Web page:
The future of our food is in the bugs. (2)

If you think that they are joking we have the world’s largest cricket farm for human consumption completed in Canada by Aspire Food Group. This facility “is expected to house four billion crickets and produce 13 million kilograms of insects each year” while being helped by the federal government of course which has invested up to $8.5 million into such a facility. According to Mohammed Ashour the chief executive officer this will help to tackle the planet’s food insecurity problems since “crickets have this incredible ability to convert what they eat into protein biomass.”[1]

Russia also plans to start feeding insects as it has launched its first cricket farm in Novosibirsk Oblast “in a bid to bring a new protein source to feed components market.” This project has been supported by the Russian government’s Innovation Promotion Fund with the plan to stimulate the production of alternative food products as proposed to the government by the Russian Union of Industrialists and Entrepreneurs.[2]

Scientists at Belgium’s University of Ghent are also experimenting with larvae fat to replace butter in pastries. “They say using grease from insects is more sustainable than dairy production. According to research consumers notice no difference when a quarter of the milk butter is replaced with larvae fat.”[3]

In Portland an ice cream shop called Don Bugito founded by Monica Martinez pushes “insect ice cream” as being the past present and future of food since it is on a mission to change how the world sees insects – one mealworm at a time.[4]“Martinez raises crickets and mealwormsat her urban farm in Oakland. “I compare them to nuts and seeds. They have an earthy nutty flavor. Mealworms taste just like pecans or walnuts; crickets taste like pepitas.” So she approaches them as she would nuts or seeds toasting them until crunchy and tossing with cayenne pepper lime juice and sea salt or melted sugar and coconut.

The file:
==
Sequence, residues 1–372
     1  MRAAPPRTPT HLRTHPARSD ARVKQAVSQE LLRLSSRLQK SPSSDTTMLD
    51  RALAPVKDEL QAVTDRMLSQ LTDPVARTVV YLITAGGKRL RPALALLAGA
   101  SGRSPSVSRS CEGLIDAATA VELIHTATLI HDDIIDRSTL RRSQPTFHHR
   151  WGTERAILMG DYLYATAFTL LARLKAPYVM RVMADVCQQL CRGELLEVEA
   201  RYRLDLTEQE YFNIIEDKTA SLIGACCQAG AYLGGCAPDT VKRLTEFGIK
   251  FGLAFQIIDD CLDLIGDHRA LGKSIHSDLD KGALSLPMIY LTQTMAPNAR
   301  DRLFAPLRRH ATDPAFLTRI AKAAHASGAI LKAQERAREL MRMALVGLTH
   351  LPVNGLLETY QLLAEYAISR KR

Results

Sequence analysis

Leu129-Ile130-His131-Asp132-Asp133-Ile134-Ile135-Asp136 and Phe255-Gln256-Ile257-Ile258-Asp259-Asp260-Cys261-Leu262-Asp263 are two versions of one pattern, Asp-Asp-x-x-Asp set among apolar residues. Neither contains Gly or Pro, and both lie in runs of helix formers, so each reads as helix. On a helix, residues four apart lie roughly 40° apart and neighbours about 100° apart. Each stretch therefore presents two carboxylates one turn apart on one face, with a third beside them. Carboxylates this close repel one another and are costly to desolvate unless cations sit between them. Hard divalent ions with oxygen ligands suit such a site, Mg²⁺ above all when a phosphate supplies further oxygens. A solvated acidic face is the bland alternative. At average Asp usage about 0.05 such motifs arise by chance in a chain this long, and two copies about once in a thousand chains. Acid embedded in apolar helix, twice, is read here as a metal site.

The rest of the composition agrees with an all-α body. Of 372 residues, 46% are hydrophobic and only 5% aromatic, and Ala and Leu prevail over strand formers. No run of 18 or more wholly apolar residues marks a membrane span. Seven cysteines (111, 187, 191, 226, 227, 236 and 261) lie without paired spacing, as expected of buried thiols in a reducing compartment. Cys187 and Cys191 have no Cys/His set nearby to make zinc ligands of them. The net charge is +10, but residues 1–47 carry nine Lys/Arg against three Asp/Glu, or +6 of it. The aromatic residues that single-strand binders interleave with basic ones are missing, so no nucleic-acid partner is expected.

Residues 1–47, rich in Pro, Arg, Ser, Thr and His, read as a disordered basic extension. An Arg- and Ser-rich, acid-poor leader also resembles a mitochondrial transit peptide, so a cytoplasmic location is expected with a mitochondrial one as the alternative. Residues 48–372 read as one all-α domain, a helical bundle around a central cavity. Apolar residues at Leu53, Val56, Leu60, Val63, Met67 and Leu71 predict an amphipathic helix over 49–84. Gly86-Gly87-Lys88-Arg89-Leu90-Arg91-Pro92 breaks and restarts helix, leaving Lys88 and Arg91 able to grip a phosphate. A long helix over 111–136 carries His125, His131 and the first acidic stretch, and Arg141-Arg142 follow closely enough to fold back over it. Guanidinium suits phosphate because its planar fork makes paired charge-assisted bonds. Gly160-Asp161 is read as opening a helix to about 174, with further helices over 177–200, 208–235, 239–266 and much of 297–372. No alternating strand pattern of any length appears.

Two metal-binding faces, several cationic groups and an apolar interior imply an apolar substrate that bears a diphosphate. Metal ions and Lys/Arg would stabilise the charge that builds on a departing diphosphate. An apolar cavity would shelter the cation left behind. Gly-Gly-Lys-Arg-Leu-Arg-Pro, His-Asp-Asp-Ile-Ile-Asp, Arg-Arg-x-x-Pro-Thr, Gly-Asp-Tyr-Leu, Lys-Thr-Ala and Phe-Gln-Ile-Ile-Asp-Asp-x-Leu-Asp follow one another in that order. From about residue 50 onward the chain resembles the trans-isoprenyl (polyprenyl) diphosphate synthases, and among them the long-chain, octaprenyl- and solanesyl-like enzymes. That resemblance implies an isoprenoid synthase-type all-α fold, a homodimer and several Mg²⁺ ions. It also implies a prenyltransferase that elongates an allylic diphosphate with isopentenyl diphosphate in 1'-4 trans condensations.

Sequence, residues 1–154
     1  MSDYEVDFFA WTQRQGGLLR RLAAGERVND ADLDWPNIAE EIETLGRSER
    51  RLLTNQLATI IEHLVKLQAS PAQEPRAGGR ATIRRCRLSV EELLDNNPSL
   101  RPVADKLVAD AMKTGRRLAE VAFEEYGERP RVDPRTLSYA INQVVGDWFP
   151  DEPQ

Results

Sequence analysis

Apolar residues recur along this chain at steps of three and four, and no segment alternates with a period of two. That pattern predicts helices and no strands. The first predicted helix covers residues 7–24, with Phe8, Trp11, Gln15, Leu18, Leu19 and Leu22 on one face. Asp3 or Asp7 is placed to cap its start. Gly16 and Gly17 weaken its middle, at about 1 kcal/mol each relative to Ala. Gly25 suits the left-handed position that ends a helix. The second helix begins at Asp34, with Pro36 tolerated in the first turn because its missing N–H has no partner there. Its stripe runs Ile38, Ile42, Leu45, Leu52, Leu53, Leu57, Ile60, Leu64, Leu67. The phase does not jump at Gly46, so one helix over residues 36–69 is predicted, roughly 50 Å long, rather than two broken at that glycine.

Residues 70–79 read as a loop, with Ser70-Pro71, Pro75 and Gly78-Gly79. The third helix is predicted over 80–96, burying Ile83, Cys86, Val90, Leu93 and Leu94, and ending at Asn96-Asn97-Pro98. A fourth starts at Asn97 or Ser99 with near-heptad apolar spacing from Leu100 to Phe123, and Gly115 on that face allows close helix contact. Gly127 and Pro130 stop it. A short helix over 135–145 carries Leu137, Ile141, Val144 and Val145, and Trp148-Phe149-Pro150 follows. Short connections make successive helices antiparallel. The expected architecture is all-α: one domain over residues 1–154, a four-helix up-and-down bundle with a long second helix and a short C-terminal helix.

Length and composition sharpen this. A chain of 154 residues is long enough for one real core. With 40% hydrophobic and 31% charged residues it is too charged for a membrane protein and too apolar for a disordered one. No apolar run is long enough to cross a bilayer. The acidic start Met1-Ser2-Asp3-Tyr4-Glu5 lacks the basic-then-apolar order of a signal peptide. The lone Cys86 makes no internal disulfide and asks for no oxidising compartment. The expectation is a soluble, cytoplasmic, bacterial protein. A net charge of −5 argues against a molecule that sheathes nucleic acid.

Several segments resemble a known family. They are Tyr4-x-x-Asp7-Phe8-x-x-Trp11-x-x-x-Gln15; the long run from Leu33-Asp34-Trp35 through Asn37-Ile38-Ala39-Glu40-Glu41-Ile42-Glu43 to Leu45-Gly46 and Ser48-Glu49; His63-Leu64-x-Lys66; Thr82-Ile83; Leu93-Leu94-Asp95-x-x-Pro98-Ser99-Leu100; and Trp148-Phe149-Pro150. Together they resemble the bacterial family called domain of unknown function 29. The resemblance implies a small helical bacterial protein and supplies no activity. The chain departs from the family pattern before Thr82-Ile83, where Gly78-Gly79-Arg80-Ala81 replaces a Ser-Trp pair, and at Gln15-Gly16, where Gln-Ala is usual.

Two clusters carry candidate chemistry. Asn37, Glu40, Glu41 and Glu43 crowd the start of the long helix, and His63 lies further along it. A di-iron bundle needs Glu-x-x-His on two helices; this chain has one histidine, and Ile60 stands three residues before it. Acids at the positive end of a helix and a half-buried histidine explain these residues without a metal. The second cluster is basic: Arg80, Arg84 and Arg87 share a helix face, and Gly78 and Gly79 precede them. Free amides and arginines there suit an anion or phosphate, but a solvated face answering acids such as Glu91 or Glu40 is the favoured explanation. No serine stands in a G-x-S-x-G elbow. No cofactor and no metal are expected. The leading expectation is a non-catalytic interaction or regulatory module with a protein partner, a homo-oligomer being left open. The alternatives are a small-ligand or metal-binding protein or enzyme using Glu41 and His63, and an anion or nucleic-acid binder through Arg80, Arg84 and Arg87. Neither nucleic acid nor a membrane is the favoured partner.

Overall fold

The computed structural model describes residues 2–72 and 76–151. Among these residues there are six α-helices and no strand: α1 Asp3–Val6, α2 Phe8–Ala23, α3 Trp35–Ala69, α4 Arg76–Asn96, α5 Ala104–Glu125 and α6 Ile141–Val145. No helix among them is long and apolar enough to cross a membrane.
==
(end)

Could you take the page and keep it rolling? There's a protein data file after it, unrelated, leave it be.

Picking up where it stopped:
IKEA has also created a new version of its iconic meatballs — made from insects. The Crispy Bug Balls made of mealworms carrots parsnips and beetroot are part of a new range aimed at saving the planet.[5]

The Calgary Stampede has also chosen to walk the globalist path allowing vendors to sell bugs for human consumption with wealworms and crickets being sprinkled on hot dogs:

“All-Beef Meal Worm Hot Dog made using mealworm protein whole roasted mealworms and beef topped off with your favourite condiments (Meal Worms are high in protein and safe to eat) ” a description reads for the “food” being sold by Superbooth.

“All-Beef Cricket Hot Dog made using cricket protein whole roasted crickets and beef topped off with your favourite condiments (Crickets are high in protein and safe to eat) ” reads the description for the Cricket Hot Dogs being sold by The Wurst & Burger Shack.[6]

Aldi a major supermarket chain in the UK is also finalising plans to stock insects on its shelves and market them as a cheap food source for people struggling to afford to feed their families amid soaring inflation and the cost of living crisis.[7]

And just when you thought this couldn’t get more dystopian the same supermarket is involved with a TV game show in which insect “farmers” will pitch the bugs as the “next big thing”.

Also a scientific tell-a-vision program Nova had an episode on eating the bugs because they want to make us a favour and give us an alternative after having a planned food shortage so insect eating (along lab-grown meat) is set in place to be the replacements:

And if you still think that this is all a gimmick here are some photos of food already present on the market which contain insects:


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